The Pork Trio seemed the ideal way to sample several porky iterations. The andouille corn dog was unique, with a soft cornbread exterior giving way to a smoky, salty interior of cured Cajun goodness. The unctuous pork belly was like a roasted pork, but while the first slice was juicy and properly cooked, each morsel after suffered from being overcooked and flavorless. It was served with a bacon apple hash that was satisfying with its tart/sweet/salty profile. The pork loin sadly suffered from the same dry fate as the belly.

The final gaffe was the overcooked Redfish that my friend deemed “fish jerky.” A meunière sauce of bright lemon and nutty browned butter was a perfect topping, but like the steak’s saucing, it was not enough to redeem the dish. Fortunately, the accompanying fritter was earthy from the flavors of potato and leeks with a crisp exterior.

Dessert options were classic but with unexpected twists. I usually view Crème Brûlée as a pedestrian dessert, but the Gregory’s take was refreshing. The Vanilla Latte version presented coffee flavor that wasn’t overpowering. Overall it was a delicate example, thankfully lacking the usual saccharine heaviness found in overtly rich versions.

As for the Butternut Squash Bread Pudding: If all bread puddings were this unique, I’d never rail against them again. The sugar crystal crunch throughout became a bit overwhelming, but the rustic roasted butternut chunks helped curb the sweetness.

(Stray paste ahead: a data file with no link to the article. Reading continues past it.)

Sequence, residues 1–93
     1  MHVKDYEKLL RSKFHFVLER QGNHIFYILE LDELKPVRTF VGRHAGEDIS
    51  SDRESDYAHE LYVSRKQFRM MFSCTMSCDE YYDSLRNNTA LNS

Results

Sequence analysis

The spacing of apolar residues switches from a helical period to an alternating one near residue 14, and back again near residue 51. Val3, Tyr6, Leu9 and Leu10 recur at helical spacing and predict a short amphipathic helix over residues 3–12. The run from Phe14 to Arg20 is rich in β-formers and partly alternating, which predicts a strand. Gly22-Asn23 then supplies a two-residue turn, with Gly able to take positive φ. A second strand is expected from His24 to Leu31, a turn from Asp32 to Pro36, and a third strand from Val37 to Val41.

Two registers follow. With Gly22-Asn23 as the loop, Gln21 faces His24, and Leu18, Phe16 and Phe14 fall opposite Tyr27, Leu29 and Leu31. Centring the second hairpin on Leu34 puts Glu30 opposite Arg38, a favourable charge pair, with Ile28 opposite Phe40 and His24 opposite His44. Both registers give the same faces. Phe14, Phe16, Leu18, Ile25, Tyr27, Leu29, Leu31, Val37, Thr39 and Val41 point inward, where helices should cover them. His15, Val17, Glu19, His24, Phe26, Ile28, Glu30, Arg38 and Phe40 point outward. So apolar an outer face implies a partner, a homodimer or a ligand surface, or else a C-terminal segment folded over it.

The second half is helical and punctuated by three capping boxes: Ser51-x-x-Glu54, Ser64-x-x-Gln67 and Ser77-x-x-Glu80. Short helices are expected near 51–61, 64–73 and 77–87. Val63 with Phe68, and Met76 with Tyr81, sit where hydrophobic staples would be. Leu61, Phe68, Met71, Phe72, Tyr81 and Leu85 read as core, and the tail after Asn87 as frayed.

For dessert: the unique and roasted Butternut Squash Bread Pudding.

We were told all desserts were housemade, but the Turtle Cheesecake tasted no better than a boxed variety. Sugary but uninteresting.

When the bill came, we were charmed to see it presented inside a book that was littered with missives from appreciative patrons. Each book is an homage to Angela Gregory, sculptor of the bas-relief murals and restaurant namesake.

The open kitchen added to the lively atmosphere of the packed house, but the restaurant seemed unable to keep up with demand. It took a while to receive each dish, and that may have contributed to the over/undercooked entrees.

Overall, though, most flavors were outstanding, especially the appetizers. During another visit everything was exquisitely prepared, with well-timed coursing and a gracious staff. We were obviously undeterred and plan on visiting again. And again. The reservations have already been made!

Original murals adorn the main dining room.

Eat at The Gregory
150 Third St.
Hours: 11 a.m.-midnight daily
(225) 408-1800

The basics: Downtown’s swankiest new hotel has an equally classy restaurant featuring elevated Southern flavors. Its name pays homage to artist Angela Gregory, who created the bas-relief murals that date back to the building’s beginnings as Louisiana National Bank.

What’s a must: Any of the flavorful small plates, such as the addictive Padron Peppers and rich Redfish Paté, the hearty duck entree and the unique Butternut Squash Bread Pudding.

Bar-style seating lets patrons peek in on the kitchen.

Our food critic’s name may be false, but the credentials are not. This gastronome has studied the history, cultivation, preparation, science and technology of food for more than 30 years.

This article was originally published in the June 2017 issue of 225 Magazine.